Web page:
Friday, April 16, 2010

And the asteroid gets closer... my husband likes to say. It seems that now the National Day of Prayer violates the Constitution, according to one liberal leftie judge who was nominated by Jimma Carter. Which is, of course, ridiculous. Nowhere in the Constitution does it state that prayer is disallowed, even the encouragement of prayer - to anything or anyone - by the federal government. See for yourself. Here is the First Amendment. Read it. It's short and simple. In fact, I'll post it for you right here:

"Congress shall make no law respecting an establishment of religion, or prohibiting the free exercise thereof; or abridging the freedom of speech, or of the press; or the right of the people peaceably to assemble, and to petition the Government for a redress of grievances."

Then go back and read the rest of the sections here. It's broken down nicely. Print it. READ IT. KNOW IT. We could all use a refresher, I'm certain.

This whole "separation of church & state" fiasco has been seized by the Left as a way to abolish Christianity entirely. They believe Christians have too much "power" in the U.S. (ironically, they don't understand that Christians don't believe true power comes from the government), and the ideals and morals that we try to advance interfere with their way of life. For example, they want to keep abortion legal, legalize gay marriage, fund embryonic stem cell research, etc. All of which are at odds with Christian moral principle.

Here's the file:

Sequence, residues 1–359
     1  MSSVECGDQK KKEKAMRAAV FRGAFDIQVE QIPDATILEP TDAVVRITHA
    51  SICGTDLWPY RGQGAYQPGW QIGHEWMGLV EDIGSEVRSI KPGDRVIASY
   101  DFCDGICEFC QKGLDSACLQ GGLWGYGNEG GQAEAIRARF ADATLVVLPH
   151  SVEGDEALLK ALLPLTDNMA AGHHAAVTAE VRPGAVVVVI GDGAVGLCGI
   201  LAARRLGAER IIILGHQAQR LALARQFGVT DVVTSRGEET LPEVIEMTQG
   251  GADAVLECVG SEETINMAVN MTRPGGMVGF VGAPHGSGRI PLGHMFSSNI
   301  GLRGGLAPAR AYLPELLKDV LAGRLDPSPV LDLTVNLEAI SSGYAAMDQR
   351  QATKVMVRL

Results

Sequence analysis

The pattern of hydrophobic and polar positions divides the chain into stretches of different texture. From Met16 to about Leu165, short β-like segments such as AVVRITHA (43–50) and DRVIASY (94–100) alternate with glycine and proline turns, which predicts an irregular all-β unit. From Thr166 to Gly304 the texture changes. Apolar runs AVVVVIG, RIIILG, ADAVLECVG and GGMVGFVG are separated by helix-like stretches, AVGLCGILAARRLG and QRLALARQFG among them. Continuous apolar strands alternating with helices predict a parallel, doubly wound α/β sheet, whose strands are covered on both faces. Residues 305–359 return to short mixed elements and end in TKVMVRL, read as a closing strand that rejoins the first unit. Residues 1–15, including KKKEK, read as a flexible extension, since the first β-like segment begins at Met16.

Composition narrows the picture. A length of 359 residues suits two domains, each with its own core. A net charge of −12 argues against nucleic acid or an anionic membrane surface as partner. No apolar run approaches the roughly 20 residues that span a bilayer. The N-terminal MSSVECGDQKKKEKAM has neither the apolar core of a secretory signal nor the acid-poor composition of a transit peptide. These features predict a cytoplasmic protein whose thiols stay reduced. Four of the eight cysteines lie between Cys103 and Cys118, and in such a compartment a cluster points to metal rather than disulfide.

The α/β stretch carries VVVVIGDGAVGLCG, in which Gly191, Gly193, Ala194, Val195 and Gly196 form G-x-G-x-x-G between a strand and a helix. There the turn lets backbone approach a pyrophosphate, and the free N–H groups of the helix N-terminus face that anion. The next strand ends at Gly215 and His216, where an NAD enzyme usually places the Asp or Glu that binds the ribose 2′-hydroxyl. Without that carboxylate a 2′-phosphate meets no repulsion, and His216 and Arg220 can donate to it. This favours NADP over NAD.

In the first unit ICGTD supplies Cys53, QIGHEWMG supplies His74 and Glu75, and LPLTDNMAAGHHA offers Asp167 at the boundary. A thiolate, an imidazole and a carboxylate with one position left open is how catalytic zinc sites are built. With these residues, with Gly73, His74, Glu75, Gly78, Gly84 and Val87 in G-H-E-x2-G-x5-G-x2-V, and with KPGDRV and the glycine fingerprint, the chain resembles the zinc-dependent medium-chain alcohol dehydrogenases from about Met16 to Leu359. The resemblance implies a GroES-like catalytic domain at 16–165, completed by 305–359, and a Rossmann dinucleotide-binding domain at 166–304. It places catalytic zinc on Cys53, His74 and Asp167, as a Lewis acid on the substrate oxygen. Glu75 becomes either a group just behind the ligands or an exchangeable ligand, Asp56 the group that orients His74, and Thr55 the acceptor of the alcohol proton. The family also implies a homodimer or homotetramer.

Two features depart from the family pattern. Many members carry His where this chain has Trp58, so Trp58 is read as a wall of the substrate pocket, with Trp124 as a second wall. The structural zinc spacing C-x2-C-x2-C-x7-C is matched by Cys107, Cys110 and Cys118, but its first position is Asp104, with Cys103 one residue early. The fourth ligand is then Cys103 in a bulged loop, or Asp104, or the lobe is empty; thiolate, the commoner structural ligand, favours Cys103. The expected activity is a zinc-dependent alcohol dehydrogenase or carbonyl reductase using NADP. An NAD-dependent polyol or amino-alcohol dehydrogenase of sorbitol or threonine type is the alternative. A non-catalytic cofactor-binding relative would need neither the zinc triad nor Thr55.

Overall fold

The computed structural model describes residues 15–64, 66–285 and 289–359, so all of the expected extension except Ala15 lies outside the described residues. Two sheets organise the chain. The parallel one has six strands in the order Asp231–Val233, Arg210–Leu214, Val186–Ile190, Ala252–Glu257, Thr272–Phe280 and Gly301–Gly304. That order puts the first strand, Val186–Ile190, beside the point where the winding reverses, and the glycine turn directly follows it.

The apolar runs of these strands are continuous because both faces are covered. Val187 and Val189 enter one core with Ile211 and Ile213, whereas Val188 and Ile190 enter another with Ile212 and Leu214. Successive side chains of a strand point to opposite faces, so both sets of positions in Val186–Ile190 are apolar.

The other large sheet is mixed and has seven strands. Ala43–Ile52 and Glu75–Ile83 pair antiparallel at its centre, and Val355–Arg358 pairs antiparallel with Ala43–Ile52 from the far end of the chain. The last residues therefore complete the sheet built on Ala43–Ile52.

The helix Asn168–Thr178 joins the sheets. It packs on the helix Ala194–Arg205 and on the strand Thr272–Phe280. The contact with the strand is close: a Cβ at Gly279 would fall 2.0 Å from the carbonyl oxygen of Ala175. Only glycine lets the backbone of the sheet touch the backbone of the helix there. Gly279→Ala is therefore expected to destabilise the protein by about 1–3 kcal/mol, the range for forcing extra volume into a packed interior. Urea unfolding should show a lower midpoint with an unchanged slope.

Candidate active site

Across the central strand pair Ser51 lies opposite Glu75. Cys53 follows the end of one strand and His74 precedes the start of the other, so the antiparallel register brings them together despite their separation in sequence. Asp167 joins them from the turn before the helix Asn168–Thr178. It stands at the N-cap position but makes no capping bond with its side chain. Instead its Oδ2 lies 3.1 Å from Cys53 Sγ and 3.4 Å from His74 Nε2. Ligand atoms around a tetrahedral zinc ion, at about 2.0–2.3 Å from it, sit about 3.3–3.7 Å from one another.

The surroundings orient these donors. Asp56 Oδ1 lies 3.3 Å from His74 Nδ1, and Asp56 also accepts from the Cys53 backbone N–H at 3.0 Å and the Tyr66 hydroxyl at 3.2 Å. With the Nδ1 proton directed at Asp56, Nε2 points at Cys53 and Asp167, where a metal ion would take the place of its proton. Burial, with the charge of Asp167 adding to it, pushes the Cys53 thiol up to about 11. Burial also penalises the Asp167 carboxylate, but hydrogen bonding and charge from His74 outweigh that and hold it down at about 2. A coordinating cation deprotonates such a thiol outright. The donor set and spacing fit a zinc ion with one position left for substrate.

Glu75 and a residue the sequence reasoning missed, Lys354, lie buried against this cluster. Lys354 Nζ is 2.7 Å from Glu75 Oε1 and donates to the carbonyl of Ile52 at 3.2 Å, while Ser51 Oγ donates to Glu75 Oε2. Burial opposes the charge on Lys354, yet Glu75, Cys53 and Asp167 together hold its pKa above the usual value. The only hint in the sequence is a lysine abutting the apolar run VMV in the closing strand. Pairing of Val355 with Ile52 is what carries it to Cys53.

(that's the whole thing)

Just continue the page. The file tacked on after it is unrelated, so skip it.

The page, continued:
We need to remember that the phrase "separation of church and state" is NOT in the Constitution at all. It came from a letter written by one man - Thomas Jefferson - in a letter to the Danbury Baptist Association, addressing some of their concerns over religious freedom. In fact, the purpose of his letter was to assure the Baptists that their religious freedoms would not be impeded by the government...not that they weren't allowed to practice religion because of the government! Which is ironic because the Left always uses that quote to try to inhibit prayer and religion, not the other way around.

You can see the full text of Jefferson's letter to the Danbury Baptists here. As you can easily see, it exhibits a "separation of church and state" as a means to afford individuals a right to freely express their religion. It is an assurance of freedom...not a threat that prayer is a violation of it.

Until the government begins imposing Christianity, Buddhism, Islam, Obamism, or any other "religion" upon us (think 1984), and forbids the practice of any other "non-sanctioned" religion, I believe the Founding Fathers would deem the National Day of Prayer worthy of our time and attention.

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